To the untrained eye, all waves seem the same. However, the difference lies beneath the surface. Here are three main types of waves you’ll encounter on your surf adventures and how they differ!
1. Beach break
Beckie surfing at Desaru beach
Beach breaks are created when waves break onto the sandy bottoms of beaches, hence its name. These can be formed in two ways: by a sandbar, or by a wave forming against the shoreline.
Due to the nature of sand and sandbars, beach breaks produce the least consistent waves as the sand beneath is prone to shifting from the elements – mainly, storms and rough swells. This means that the waves produced by beach breaks vary depending on the time of year.
Like everything, there are advantages and disadvantages to this surf break. They’re great for beginners and advanced surfers alike because you don’t have to paddle too far out in order to reach the break, and wiping out on these breaks are more forgiving on novice surfers as compared to reef and point breaks.
However, paddling out is often more challenging as the waves break all over the place, the rip currents aren’t as predictable, and beach breaks don’t break as soft as other types of wave breaks. That being said, beach breaks are seen as the safest place to learn how to surf.
Popular beach breaks: Kuta beach, Desaru Public beach, Weligama beach in Sri Lanka
2. Reef break
Beckie surfing at Batu Bolong Beach, wearing Sun Flower in size S
Reef breaks occur when water breaks over reef on the sea bed. As reef tend to be permanent fixtures, waves that break over reef is more consistent. This makes it easy to know where to paddle out to, although reef breaks tend to be further from shore and thus require a long paddle out. This does give you a longer wave to ride, though!
However, there are a few things to take note of if you’re planning on surfing a reef break – although not common, you may fall victim to coral cuts. You’ll also want to take note if you’re surfing a reef break – it’d be a good idea to wear reef-safe sunscreen.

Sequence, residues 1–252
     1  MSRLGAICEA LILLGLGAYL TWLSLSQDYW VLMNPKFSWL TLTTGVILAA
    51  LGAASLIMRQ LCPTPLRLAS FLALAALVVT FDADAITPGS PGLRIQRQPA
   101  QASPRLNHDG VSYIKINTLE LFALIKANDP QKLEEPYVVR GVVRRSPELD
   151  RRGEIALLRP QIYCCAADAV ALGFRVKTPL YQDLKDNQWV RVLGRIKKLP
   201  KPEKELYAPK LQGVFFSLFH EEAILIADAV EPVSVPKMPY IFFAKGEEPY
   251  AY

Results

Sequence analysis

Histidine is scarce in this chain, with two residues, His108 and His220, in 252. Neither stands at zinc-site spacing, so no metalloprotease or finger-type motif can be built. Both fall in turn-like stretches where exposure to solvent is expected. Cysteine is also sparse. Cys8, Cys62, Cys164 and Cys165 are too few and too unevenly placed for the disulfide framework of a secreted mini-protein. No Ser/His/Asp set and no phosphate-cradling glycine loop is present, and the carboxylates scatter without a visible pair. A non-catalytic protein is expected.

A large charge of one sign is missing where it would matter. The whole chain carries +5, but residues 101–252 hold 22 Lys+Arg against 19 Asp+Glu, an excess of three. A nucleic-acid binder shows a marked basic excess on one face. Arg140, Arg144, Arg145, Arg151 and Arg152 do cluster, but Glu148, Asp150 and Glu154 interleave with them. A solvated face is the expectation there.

Reef breaks are safer to surf during mid to high tide, as the reefs will be deeper under the water. Waves over reef breaks are the favourite of more advanced surfers as they tend to generate the best waves.
Popular reef breaks: Batu Bolong beach in Canggu, Baby Padang beach in Uluwatu, Cloud 9 beach in Siargao
3. Point break
Beckie surfing at Riyuewan Bay
In layman terms, point breaks occur when waves break around land rather than directly towards it. This occurs when land juts out from shore, or around formations like cliffs. As swells come in from the ocean, the water slows down around the obstacle, causing the water underneath to rise above, creating perfect waves!
These waves are the best for longboarders, as they tend to be long and smooth, producing a long green wave for surfers to ride on. Point breaks are not characterised by the seabed below, and thus can have sand, rock or reef bottoms.
Under the right conditions, point breaks are perfect for beginner and intermediate surfers who want to improve and practise their surfing manoeuvres. During a big swell, point breaks also produce draining barrels or high-speed muscular walls, making it more suited for advanced surfers, like the famous Padang Padang beach in Uluwatu.
Popular point breaks: Arugam Bay in Sri Lanka, Riyuewan bay in Hainan, Padang Padang in Bali